“So it’s really being about thinking how do I appeal to consumers on behalf of the businesses that are going to be using my solution.
“Marketing is about the appeal the product has to the user directly”
J:
“We paid for school fees from a client to client basis. The long term strategy is create a product that can give them long term support which has a licence. Clients assist in product development for the future”
R:
Client success leads to positive word of mouth. We would use a free trial basis to build a relationship and this was focused on demonstrating value.

S: We positioned it as a Blackberry server from Android and IOS.
We delivered compression (for data) this was the first feature. Then we started introducing other feature.
“So cost savings (for enterprises) was a big driver” We can measure productivity and we can measure costs.
The Marketing Mix
The traditional marketing mix was and its role in the approach to marketing was not deemed as an influential aspectof the marketing decisions made by the entrepreneurs.
What emerged as a key feature out of the interviews was that the entrepreneurs were primarily focused on continuously evolving their technology and solution with concepts of pricing and position not being attributed much significance.
Respondent S:
“Traditional marketing is trying to figure out how much demand is there? How am I going to price products? How am I going to position it and use advertising, pricing to us for example is not important to us at all. It’s very focused on sales.
“It’s also a lot about education, we need to educate ourselves and we need to educate our customers”
A notable theme was that either consciously or as a natural part of the process of the product development the entrepreneurs were targeted in their approach to the markets they were willing to engage in. The entrepreneurs had noticed a specific problem or opportunity for a specific client in an industry they had specialist experience in. They then used their specialist technical experience in and found a way they could capitalise and developed a product or solution to solve this problem. In order to engage the right potential clients they applied a targeted client approach solving varies particular problems in a new innovative way.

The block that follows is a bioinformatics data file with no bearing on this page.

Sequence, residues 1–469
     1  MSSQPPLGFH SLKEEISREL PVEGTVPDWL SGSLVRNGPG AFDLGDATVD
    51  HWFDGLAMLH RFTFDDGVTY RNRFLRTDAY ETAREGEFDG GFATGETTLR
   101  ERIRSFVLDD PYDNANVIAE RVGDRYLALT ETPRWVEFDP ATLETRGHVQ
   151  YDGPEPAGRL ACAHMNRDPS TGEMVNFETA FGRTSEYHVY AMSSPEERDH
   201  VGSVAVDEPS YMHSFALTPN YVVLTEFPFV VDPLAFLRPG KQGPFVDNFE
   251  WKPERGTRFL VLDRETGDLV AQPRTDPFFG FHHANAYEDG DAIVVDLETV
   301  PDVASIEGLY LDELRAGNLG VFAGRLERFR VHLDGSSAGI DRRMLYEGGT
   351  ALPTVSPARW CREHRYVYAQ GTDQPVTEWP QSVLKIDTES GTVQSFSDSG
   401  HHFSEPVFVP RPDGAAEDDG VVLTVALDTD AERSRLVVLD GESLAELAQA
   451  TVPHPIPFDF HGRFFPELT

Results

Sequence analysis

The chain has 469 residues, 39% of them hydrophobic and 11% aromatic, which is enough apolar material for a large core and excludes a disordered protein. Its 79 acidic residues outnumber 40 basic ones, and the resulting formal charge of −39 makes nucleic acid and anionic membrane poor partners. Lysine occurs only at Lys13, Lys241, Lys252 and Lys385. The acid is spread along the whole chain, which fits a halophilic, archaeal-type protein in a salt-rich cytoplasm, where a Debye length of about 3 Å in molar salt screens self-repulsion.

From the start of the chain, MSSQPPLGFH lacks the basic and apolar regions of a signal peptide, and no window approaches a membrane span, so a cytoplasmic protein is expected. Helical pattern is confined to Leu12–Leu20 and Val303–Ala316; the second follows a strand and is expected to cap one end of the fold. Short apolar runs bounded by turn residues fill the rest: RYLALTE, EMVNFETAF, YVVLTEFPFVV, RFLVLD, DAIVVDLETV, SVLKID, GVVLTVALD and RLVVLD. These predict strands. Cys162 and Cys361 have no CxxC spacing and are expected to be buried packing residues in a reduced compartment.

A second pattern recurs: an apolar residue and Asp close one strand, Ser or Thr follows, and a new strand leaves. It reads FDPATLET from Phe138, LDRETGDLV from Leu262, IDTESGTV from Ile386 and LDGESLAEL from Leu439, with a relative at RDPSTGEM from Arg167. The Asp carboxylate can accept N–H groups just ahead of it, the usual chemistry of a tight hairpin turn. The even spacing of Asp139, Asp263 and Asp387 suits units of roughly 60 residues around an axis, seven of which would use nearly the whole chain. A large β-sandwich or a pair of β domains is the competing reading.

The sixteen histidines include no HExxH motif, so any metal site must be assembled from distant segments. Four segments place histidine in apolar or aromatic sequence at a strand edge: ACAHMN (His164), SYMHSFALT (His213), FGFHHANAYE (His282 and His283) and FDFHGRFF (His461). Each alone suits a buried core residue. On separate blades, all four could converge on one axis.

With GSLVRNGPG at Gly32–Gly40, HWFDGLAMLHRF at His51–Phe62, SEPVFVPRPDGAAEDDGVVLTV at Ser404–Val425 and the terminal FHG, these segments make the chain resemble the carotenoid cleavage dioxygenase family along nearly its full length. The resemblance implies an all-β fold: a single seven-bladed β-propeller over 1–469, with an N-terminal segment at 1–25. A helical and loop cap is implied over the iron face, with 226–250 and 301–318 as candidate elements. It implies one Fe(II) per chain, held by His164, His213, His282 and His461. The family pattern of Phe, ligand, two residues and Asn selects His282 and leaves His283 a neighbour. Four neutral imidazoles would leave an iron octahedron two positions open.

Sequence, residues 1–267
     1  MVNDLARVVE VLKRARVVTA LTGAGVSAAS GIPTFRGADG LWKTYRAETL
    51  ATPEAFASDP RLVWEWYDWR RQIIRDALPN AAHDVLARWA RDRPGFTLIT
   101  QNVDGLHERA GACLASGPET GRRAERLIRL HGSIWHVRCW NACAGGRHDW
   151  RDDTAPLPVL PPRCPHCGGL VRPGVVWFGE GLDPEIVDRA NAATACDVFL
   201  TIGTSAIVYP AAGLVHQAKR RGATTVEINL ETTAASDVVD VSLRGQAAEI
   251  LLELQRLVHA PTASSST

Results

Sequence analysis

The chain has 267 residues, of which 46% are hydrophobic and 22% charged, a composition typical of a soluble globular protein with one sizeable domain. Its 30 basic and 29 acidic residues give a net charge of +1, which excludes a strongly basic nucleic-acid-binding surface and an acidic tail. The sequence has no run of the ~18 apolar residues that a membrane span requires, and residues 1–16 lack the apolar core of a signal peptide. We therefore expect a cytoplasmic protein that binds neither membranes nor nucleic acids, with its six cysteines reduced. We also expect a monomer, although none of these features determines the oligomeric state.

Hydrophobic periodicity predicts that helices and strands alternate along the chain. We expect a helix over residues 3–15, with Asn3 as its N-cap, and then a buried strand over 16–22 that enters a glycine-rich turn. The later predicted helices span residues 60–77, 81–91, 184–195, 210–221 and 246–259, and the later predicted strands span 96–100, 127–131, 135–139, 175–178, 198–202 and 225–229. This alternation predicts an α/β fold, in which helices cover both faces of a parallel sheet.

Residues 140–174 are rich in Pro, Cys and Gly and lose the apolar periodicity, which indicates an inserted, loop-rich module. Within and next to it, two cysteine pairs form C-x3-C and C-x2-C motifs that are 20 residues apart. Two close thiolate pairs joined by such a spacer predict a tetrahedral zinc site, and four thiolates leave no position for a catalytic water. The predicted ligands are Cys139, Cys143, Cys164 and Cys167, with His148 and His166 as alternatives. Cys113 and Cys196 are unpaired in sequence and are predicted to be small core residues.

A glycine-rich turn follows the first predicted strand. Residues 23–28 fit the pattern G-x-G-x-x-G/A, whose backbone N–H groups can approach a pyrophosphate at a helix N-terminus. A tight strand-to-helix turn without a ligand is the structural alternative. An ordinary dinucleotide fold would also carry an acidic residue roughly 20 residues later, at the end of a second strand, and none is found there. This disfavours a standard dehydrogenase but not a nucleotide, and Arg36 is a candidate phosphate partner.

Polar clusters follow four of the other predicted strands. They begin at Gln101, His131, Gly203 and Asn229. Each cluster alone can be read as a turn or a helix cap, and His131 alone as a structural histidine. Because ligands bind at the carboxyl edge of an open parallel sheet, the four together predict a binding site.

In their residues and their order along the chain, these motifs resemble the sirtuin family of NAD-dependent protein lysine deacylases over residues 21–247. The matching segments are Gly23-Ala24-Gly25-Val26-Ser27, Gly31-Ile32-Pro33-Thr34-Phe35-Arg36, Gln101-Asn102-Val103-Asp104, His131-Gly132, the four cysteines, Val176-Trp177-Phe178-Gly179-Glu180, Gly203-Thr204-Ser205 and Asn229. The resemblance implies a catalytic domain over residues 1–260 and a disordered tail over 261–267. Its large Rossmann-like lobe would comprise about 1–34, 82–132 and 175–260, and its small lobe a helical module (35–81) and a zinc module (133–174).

Respondent A referred to this as a
“Sniper approach focusing on customers intelligibly with a solution for them”
This is vital for developing products and understanding their situational position in market place”
Respondent S also commenting in a similar vein:
“We targeted specific companies within our skill set”
The dependence on the customer to be part of the solution and to know the right customers to target and approach proved to be an underlying foundation. In essence the main thrust of all the entrepreneurs was to add value to a client was the ability to envision a way of create value for the client that could be capitalised on by creating a technology solution that the client had not the skills or the ability to do.
Respondent R touches on this notion:
“We didn’t have a marketing plan. We practised creating environments of co-creation to generate new products and new value for the client”
Respondent J:
“Traditional marketing would be that you want to package your offering and present it I in a certain way, my approach is too connect with people.”
Marketing Intelligence
Marketing intelligence was not explicitly thought of as vital processes. The focus is essentially on building innovative solution to fit the client’s needs and build value by maintaining strong interactions with their clients. This underscored by the guiding philosophy of providing real value to their clients through a process of co-creating value with their as opposed to spending much valuable time on analysing the competitive landscape.
The instinctive nature of their marketing behaviours was summed up the respondent J:
“I’m very instinctive person. So my approach is to connect with people”